It seems that SSL just cannot stay out of the news. Another vulnerability, this time in SSL 3.0, has been disclosed at the Google Online Security Blog. While SSL 3.0 has already been around for almost 15 years, it’s still being used throughout the Web, and nearly every browser supports it.
The key point though, is that even though newer and more secure versions of SSL are out and are being used, browsers work with older protocols when connections fail. This means an attacker can cause connection problems with the intent of triggering a deprecated version of SSL, leading to the exploitation of the service, and allowing for once-encrypted information to be seen in plain-text. The newly disclosed vulnerability in SSL 3.0 does exactly this dubbed POODLE as an acronym for Padding Oracle On Downgraded Legacy Encryption.
If you’re in the less than one percent of users relying on outdated browsers, simply download a newer client such as Mozilla Firefox. These leverage a more secure protocol than SSL known as TLS and have the added benefit of updating automatically which can help you remain secure in the future!
If you are using the latest version of Firefox, they will be disabling SSL v3 in their November 25th Firefox update by default, but you don’t have to wait for that update. Mozilla has created a plugin that will allow you to set the minimum SSL version that Firefox will accept, to turn off SSLv3 support in Internet Explorer 11: Setting -> Internet Options -> Advanced Tab -> Uncheck “SSLv3″ under “Security”.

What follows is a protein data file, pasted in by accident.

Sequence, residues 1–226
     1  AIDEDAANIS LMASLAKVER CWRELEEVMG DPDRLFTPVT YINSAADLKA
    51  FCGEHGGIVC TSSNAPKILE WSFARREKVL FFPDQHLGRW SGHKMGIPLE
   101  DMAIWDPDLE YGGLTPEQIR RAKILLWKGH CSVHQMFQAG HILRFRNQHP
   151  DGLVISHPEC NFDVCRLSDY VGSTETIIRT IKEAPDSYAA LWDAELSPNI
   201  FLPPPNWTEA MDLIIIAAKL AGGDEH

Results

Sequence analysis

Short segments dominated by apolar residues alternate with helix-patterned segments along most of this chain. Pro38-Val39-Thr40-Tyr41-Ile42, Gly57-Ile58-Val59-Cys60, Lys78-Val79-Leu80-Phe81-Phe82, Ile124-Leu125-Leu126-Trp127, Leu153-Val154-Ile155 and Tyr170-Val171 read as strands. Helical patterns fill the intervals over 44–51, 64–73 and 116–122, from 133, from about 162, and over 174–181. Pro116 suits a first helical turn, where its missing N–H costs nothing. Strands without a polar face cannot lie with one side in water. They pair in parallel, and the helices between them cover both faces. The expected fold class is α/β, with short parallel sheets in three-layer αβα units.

We have started disabling SSLv3 across all our offerings, thus protecting all our services against this vulnerability. In case you have questions or concerns feel free to reach out to our support team anytime.
Also note that, in firefox and chrome – the users will have to do the below to disable SSLv3 (this is to ensure an attacker doesn’t use browser sessions to attack others)
Chrome users that just want to get rid of SSLv3 can use the command line flag –ssl-version-min=tls1 to do so. (We used to have an entry in the preferences for that but people thought that “SSL 3.0” was a higher version than “TLS 1.0” and would mistakenly disable the latter.)
In Firefox you can go into about:config and set security.tls.version.min to 1. I expect that other browser vendors will publish similar instructions over the coming days.